Get the latest news on coronavirus and more delivered daily to your inbox. Sign up here.
President Trump said Monday his administration is considering a second round of coronavirus stimulus payments.
“We’re talking about that,” Trump said when asked about a Democratic proposal to send another round of relief checks.
“We're talking about that with a number of different people. We're talking about a payroll tax,” the president said. “I want to see various things, but we're talking about that. We're negotiating with the Democrats."
Phase 3 of coronavirus stimulus, signed into law in late March, included $1,200 payments to many individuals.
Trump has repeatedly called for payroll tax cuts to be included in Phase 4 of coronavirus stimulus.
In Phase 3, employers received a payroll tax cut, but the president is working to ensure that employees are covered by that tax cut in Phase 4 -- especially as individuals become eligible to return to work.
Trump has also repeatedly called for Phase 4 stimulus, which he said could amount to another $2 trillion, to focus on infrastructure.
“With interest rates for the United States being at ZERO, this is the time to do our decades long awaited Infrastructure Bill,” Trump tweeted April 17. “It should be VERY BIG & BOLD, Two Trillion Dollars, and be focused solely on jobs and rebuilding the once great infrastructure of our Country! Phase 4.”
Trump on Friday said he was in “no rush” to negotiate the next phase of a coronavirus stimulus bill.
“I can’t say that we're in a rush. We were in a rush to get the money out to people, now we have gotten the money out,” the president said, referring to the $2.2 trillion stimulus he signed into law in late March. The small business stimulus was replenished with another almost $500 billion in late April.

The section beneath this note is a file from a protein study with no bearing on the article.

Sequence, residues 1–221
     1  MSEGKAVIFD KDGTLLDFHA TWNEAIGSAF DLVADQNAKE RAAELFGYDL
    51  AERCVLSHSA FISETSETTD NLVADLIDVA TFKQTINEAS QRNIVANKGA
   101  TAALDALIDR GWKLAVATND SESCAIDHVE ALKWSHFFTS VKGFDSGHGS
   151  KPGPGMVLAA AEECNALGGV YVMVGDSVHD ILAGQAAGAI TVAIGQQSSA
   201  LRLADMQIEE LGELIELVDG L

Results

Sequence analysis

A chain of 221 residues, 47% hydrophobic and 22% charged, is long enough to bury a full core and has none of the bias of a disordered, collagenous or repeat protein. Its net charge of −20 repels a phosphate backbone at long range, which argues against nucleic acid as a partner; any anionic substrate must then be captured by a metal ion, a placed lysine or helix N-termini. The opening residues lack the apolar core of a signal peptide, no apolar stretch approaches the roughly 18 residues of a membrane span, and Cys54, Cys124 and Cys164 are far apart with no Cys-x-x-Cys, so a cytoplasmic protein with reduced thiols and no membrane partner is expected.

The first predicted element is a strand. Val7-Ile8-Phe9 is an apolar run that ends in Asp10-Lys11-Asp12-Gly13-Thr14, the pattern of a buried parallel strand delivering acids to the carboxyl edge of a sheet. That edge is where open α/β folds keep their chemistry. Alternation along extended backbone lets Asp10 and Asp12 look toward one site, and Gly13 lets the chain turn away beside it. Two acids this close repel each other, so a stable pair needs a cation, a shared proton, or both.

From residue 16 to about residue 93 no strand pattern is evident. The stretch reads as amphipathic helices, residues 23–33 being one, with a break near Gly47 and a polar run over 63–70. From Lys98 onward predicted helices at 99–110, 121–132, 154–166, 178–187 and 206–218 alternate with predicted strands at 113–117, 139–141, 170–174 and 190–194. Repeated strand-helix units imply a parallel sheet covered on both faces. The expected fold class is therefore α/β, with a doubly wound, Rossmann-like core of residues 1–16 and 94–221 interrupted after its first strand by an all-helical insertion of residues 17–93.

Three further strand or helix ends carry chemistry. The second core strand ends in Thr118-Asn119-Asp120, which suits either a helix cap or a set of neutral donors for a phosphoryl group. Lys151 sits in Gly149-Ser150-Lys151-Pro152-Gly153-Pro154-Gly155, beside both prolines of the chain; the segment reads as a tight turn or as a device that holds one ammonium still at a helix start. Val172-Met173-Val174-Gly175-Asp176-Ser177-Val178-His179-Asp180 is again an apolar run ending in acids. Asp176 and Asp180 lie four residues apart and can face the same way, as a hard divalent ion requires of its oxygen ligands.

The House has yet to unveil its massive fifth round of coronavirus relief-- another multi trillion dollar bill-- but Democrats have been eyeing more direct payments to Americans or expanded unemployment benefits, as well as more help for small businesses, and a major focus on funding for state and local governments.
Many Republicans have been skeptical about bailouts for “poorly run” states with large pension deficits and other financial issues that predate coronavirus.
“Why should the people and taxpayers of America be bailing out poorly run states (like Illinois, as example) and cities, in all cases Democrat run and managed, when most of the other states are not looking for bailout help?” the president tweeted.
Meanwhile, progressive Democrats led by Sen. Bernie Sanders have been advocating not just for a second round of direct payments but for $2,000 monthly payments for the duration of the pandemic.
A proposal set forth by Reps. Rashida Tlaib, D-Mich., and Rep. Pramila Jayapal, D-Wash., would provide every American with a debit card which would be replenished with $2,000 every month during the coronavirus pandemic and $1,000 per month for one year following the pandemic.